Yet, true propositions are normally prescientific in their pretensions. Very usually, scientificity is not required (nor feasible). What we mean by factuality is almost always modest. To look at truth from the interest in unbounded domain just begs the question of when does the domain (i.e., conditions) of a true proposition imply an unconstrained range. JH isn’t yet giving light on why action-interested, intuitively-constrained true propositions (the ordinary assertion) should suggest unconstraint.


What we hold to be true has to be defendable on the basis of good reasons...

But we hold to that “what” because it has been determined to be true (i.e., accurate enough), not because it has already been defended or anticipates defense. (Reliabilist epistemology is about this: the truth-conducive practices that have efficaciously built up confidence in belief). The conditions of holding good are very usually conditions of holding well-enough given that almost no situation corresponds to the controlled conditions of standard determinations of what “is” relative to standardized conditions of determination.

A true proposition P can be defended because it’s true, not true because it can be defended. Determining that P is true is commonly finding that P is accurate enough, and the value of this is its contribution to action-interested knowledge, i.e., purposive value, which commonly has open horizons (no instrumentalism), as in pursuing a way of life with fulfilling fidelity, advancing a career fulfillingly, or flourishing fruitfully.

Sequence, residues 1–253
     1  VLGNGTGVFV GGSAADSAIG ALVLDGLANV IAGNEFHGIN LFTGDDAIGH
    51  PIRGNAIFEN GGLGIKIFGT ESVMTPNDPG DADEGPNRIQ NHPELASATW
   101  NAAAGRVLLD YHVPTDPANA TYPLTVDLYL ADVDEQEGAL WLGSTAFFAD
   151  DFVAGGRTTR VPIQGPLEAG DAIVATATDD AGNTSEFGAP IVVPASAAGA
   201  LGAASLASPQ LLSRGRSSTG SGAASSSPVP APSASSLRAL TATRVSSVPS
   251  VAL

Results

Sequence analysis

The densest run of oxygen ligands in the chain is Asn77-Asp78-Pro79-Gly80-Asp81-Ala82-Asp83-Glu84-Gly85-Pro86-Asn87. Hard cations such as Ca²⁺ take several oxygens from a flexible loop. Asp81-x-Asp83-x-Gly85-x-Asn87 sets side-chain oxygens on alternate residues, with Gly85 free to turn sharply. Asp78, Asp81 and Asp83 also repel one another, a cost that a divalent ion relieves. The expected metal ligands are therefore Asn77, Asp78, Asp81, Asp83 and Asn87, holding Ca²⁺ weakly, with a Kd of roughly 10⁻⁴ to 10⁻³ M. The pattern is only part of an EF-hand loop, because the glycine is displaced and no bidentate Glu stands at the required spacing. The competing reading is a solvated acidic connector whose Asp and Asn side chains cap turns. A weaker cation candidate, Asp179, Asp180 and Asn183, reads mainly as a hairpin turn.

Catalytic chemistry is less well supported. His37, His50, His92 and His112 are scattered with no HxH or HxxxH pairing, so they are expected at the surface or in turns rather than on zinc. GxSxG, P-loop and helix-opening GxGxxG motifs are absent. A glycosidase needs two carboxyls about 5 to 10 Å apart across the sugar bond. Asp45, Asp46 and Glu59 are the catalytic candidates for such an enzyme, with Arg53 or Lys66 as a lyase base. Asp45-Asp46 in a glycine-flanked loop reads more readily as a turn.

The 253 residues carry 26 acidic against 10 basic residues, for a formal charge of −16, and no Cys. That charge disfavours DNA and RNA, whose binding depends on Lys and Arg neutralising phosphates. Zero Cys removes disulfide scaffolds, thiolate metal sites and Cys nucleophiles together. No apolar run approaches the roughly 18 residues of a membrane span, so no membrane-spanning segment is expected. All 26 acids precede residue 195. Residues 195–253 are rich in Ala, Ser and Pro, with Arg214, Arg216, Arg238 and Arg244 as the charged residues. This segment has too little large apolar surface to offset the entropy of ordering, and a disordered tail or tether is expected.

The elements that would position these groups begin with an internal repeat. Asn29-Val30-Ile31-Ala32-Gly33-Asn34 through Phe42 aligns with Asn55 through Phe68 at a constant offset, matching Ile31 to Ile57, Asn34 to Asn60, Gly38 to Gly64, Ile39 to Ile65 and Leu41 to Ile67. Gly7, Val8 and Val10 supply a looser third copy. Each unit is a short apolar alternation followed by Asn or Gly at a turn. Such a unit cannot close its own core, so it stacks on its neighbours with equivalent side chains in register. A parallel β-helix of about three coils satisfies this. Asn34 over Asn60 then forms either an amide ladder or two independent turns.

JH has said it himself: “truth proven by practice”; yet the practice is that of life-oriented action, not primarily general recognition of what one knows from practice. Coordinative, cooperative, collaborative engagement is context specific, project specific, or organizationally specific, involving a life in so many non-intersecting interactions that one finds cohering of that only as the singular life of so much variability that has no duplicate. The truth of specific matters, given contexts, is oriented always for a life, whose life-centered interest in truth tends to orient all other interest in truth—a life whose living nature is never without constraints (orientations, interests, values, prospects), supplemented by scientificity. (Is medicine scientific enough? It’s certainly never without new knowledge that is annuling old “knowledge,” new expert guidelines antedating old ones. What scientificity is not evolving? I’ve never been attracted to Rorty's stridency, but it appears that I tend toward his view [but not for relativist reasons; rather for...well, my own reasons; call it evolutionary appropriativity], against which Habermas is defending himself.

...the inspiration for the discourse theory of truth [is that] a proposition is true if it withstands all attempts to refute it under the demanding conditions of rational discourse. (ibid.)